The next day, Rick is scheduled to play the villain in a pilot for a new TV western. He has a conversation with the new star of the show and converses with the 8-year-old precocious child actress who’s playing a girl that Rick’s character kidnaps and holds for ransom. The child inspires Rick to give a great performance while shooting the pilot.
Meanwhile, Cliff eventually gives the black-haired girl a ride back to the rundown Spahn Movie Ranch where Cliff and Rick used to make BOUNTY LAW, their TV series. Cliff becomes suspicious about the whereabouts of the old landlord, whom he used to know. He investigates and finds the old man has gone blind but enjoys having the involvement of the Manson girls, because of the sexual favors they grant him. However, he beats up one of the young men, who slashed one of his car’s tires.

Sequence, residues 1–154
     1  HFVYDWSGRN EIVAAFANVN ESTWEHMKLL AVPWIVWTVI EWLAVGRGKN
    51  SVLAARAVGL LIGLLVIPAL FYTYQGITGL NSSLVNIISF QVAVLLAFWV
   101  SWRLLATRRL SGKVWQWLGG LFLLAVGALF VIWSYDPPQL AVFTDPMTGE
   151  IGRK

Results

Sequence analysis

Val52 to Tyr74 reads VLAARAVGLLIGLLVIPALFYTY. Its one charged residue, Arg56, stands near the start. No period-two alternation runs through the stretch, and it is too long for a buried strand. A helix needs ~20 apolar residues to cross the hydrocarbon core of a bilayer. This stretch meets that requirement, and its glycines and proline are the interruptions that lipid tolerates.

Cliff’s visit to the ranch eventually sparks a change in the plans of the cult members Charlie Manson sends to murder actress Sharon Tate and her houseguests.
ONCE UPON A TIME IN HOLLYWOOD is laced with a series of captivating scenes. Rick’s conversation with the child actress is funny and even touching. Eventually, her work ethic inspires him to give a great performance in a key scene in the TV pilot, where he holds the girl’s character hostage. Another good scene is Cliff’s visit to Spawn Ranch where the Manson Family lives. The scene is filled with tension and suspense as Cliff investigates what’s happened to the elderly owner of the ranch. Hollywood Director Howard Hawks once said that, when he made movies, the most he expected to achieve, besides entertaining the audience, was to produce two or three great scenes. This doesn’t work, however, in ONCE UPON A TIME IN HOLLYWOOD, because the plot keeps meandering. For example, although at the end it becomes clear the scene has a purpose to it, a lengthy scene involves Cliff slowly feeding his Pitbull dog two large cans of gooey dog food. The dog waits anxiously until Cliff gives him the signal to eat.